A north Texas coal-fired power plant will shut down in 2020 after it couldn't make money in the Texas power market.
The nearly 700 megawatt Oklaunion plant near Vernon couldn't compete in the market run by the Electric Reliability Council of Texas or ERCOT said AEP Texas spokesman Greg Blair.
"The owners voted to close the plant between April and Oct. of 2020. There's a lot more approvals that need to be gotten before that happens, but really the plant was no longer competitive in the ERCOT market," Blair said.
He added that approximately 80 workers would be affected by the closure. AEP and its subsidiaries own a 70 percent stake in the plant, with the City of Brownsville and Oklahoma Municipal Power Authority owning 18 percent and 12 percent, respectively.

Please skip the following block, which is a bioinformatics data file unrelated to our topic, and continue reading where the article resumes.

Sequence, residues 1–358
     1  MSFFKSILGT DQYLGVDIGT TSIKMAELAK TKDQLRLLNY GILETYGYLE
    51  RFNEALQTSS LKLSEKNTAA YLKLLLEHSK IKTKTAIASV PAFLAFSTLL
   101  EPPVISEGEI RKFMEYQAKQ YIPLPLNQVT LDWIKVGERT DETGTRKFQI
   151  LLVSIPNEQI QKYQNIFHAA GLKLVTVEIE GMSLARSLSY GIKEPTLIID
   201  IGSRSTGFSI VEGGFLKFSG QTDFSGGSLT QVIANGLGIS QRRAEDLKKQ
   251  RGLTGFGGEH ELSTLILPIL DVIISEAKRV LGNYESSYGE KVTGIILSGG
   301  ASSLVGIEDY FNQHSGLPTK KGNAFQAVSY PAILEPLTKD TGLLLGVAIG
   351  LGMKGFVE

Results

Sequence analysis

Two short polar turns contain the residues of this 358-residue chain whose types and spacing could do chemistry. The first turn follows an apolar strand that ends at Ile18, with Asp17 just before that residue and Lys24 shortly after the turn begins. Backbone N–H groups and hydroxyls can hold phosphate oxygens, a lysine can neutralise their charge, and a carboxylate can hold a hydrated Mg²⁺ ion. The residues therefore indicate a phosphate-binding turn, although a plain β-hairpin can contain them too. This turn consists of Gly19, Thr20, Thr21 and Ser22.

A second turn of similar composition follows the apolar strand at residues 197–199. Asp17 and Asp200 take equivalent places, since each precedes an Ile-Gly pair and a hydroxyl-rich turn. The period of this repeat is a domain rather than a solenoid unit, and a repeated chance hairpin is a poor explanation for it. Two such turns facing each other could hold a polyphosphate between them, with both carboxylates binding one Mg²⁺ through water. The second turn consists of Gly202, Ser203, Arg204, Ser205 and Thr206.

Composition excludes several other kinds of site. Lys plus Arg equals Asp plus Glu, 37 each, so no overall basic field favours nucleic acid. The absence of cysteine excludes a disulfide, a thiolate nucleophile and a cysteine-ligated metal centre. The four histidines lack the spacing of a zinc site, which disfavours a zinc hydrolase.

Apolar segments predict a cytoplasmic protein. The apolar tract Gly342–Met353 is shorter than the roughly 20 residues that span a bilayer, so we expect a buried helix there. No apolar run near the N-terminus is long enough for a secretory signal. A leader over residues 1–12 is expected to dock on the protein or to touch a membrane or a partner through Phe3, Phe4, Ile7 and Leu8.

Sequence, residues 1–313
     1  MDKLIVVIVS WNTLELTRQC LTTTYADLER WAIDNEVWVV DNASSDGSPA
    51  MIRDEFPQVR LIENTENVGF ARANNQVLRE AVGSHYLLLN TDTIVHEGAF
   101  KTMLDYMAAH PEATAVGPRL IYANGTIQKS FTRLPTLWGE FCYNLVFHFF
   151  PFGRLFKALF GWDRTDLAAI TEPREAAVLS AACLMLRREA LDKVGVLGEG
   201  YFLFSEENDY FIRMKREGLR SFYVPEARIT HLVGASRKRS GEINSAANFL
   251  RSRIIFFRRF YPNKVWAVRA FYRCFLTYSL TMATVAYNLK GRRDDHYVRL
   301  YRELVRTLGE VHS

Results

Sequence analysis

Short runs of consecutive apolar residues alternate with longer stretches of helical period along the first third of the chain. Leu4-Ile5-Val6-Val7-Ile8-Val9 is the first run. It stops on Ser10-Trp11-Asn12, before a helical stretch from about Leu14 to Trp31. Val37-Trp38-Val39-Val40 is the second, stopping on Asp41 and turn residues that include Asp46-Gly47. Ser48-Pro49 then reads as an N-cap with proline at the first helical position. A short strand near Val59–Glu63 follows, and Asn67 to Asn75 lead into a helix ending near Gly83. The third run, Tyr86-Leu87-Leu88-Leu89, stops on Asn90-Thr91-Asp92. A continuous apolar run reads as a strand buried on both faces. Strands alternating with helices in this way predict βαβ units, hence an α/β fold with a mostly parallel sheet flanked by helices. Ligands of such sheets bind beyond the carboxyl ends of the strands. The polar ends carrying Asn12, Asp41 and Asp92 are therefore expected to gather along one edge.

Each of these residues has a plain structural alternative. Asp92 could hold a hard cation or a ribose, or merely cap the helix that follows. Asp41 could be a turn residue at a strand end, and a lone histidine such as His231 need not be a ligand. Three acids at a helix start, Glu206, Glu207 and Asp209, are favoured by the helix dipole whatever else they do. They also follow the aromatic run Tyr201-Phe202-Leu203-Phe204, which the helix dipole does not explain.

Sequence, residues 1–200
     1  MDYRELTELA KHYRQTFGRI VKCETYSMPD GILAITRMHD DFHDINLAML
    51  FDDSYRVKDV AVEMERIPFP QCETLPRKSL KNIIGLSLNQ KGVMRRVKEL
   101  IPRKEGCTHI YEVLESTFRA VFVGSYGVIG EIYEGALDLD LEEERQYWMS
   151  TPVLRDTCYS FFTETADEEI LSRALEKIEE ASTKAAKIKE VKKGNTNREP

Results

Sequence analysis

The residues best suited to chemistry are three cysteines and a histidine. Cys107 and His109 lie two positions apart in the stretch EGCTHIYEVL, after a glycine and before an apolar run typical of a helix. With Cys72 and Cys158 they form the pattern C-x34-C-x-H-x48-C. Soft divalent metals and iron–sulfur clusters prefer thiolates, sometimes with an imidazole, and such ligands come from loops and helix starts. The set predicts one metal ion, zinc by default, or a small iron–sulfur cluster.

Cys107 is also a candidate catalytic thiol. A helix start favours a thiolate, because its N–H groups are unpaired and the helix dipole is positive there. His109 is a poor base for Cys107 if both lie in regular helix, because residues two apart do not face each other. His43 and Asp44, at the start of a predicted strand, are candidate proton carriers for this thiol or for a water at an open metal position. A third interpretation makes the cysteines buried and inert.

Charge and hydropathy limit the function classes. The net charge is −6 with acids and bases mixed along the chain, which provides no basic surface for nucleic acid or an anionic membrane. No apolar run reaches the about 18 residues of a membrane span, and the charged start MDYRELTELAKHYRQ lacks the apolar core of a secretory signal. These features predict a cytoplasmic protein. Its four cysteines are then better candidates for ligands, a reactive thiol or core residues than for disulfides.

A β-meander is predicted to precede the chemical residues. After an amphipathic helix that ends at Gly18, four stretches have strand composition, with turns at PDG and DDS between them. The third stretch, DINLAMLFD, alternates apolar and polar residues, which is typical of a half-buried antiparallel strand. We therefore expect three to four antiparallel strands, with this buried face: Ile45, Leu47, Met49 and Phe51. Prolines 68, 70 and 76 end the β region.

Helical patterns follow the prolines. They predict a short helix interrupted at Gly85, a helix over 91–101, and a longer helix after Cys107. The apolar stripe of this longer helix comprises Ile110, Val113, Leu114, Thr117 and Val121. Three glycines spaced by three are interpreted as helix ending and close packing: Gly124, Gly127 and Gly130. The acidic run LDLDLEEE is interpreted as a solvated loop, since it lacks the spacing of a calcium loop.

It would grow a list of at least five coal-fired power plants that have either closed or announced their closure date. Three were shut down by Luminant in early 2018, which cited low prices as the reason for closing the plants. Another run by San Antonio's city-owned utility, CPS Energy, will close by the end of the year instead of spending hundreds of millions of dollars on environmental controls.
While there are no current deals to sell the power plant, Blair said the company is "always looking for opportunities."